Now to be fair, some colors were worse than others with this. The Pale Blue that I wanted my base layer to be was HORRIBLE. Fine, no big deal, when I go over this area with white, that will soften it all up. Wrong again! The white in this set was terrible. It was transparent and did not blend like other wax based colored pencil’s I’ve used. With most colored pencils, I can easily get 20 or so layers. I lay 3 layers of color down, blend with paint thinner, lay 3 or 4 more layers, blend with paint thinner, rinse and repeat. The paint thinner did not have much impact on the majority of these colors. Some of the darker colors were decent, but not the blue. As I started working on the green blurry leaves, the layering issues became even more apparent. They were painfully bad. No matter what I did I couldn’t get rid of that grainy look. Oh, and the “softness” of the pencils that is supposed to be a great selling point…yeah, scratchy, crumbly or gritty would be more accurate. There were a few colors that felt soft, but there was no consistency from color to color.
The pigment in many of these colors was not impressive. SO many of these pencils seemed to be more hard wax than pigment. After attempting to blend the left-hand side of my background with a combination of paint thinner and burnishing, I decided to give Derwent’s own blender and burnisher a try. Maybe these pencils just depend on those tools right? Yep, same bad results. It was the most maddening experience for me. I’ve been working with colored pencil for 20 years and NEVER have I had the problems that I was having with these. I’ve had a couple of artists mention “you just need to get used to them”. Why? Why would I waste my time “getting used to” a pencil that should work like other colored pencils.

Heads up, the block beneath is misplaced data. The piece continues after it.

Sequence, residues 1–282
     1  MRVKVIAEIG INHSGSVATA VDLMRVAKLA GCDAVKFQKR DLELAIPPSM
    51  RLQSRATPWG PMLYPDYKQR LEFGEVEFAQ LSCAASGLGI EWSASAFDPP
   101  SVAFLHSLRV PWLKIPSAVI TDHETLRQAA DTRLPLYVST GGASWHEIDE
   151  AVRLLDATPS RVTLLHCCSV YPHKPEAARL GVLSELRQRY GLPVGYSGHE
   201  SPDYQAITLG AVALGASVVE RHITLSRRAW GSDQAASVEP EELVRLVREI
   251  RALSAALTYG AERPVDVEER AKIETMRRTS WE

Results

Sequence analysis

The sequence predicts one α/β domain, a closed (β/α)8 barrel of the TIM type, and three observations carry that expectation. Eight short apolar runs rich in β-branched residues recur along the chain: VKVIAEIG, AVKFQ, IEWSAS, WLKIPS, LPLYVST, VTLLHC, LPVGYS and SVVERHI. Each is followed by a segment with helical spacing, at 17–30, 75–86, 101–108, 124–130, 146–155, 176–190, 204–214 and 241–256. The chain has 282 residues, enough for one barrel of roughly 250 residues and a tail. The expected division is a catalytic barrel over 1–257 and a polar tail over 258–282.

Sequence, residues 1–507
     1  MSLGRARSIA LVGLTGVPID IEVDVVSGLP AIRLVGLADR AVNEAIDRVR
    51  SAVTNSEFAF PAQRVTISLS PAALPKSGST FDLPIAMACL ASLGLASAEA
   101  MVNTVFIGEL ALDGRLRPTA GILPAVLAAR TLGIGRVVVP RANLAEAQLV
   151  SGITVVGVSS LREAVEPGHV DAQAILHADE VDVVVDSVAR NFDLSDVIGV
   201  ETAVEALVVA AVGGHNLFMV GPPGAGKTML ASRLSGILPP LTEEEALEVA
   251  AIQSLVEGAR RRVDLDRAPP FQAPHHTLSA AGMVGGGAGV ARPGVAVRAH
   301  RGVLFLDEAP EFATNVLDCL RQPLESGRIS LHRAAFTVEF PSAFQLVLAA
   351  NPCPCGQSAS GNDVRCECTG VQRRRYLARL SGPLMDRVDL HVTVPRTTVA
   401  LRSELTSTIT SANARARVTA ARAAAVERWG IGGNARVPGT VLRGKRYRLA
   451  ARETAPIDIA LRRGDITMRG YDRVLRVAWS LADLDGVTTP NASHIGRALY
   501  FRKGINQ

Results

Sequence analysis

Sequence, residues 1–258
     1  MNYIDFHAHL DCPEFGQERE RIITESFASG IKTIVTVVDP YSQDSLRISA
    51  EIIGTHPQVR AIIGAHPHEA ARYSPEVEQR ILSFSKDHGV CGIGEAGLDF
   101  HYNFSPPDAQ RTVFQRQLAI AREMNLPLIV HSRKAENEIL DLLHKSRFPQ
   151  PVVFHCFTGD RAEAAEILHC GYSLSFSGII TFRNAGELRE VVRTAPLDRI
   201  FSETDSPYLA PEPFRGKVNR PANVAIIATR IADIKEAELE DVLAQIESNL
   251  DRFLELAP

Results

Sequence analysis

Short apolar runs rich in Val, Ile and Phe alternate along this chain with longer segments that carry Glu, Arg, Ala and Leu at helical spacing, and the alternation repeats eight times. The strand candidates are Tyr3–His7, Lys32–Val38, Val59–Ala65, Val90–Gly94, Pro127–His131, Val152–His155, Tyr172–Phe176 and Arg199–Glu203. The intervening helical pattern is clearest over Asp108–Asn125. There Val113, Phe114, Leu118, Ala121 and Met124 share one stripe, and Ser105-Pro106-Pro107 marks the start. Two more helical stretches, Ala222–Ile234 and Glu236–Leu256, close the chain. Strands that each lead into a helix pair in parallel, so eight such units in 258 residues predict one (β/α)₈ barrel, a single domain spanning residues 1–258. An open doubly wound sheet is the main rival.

At this point, I spent a few hours searching the internet for work completed using these pencils. Know what I found? A lot of very talented artists with gritty/grainy looking work and not a ton of detail. Not detail in the way I expect a pencil to be able to get. I mean that’s one of the best things about working in this medium…it’s easy to get really fine detail! I’m certain that every one of those artists would have far better results if they used a higher quality pencil. Every piece I saw that I felt was a good example of what colored pencils could do turned out to be completed with a combination of Coloursoft with another, higher quality pencil.
Once I got to the hummingbird, my opinion didn’t get any better. These are terrible for detail. Even the waxy Prismacolors that aren’t great at holding a fine point are superior to the Coloursoft in this. I finally had to accept that these pencils could not do what any of my other colored pencils could. Once I got to the hollyhocks in the foreground, I just burnished the heck out of them and went for harsher lines and didn’t worry too much about detail.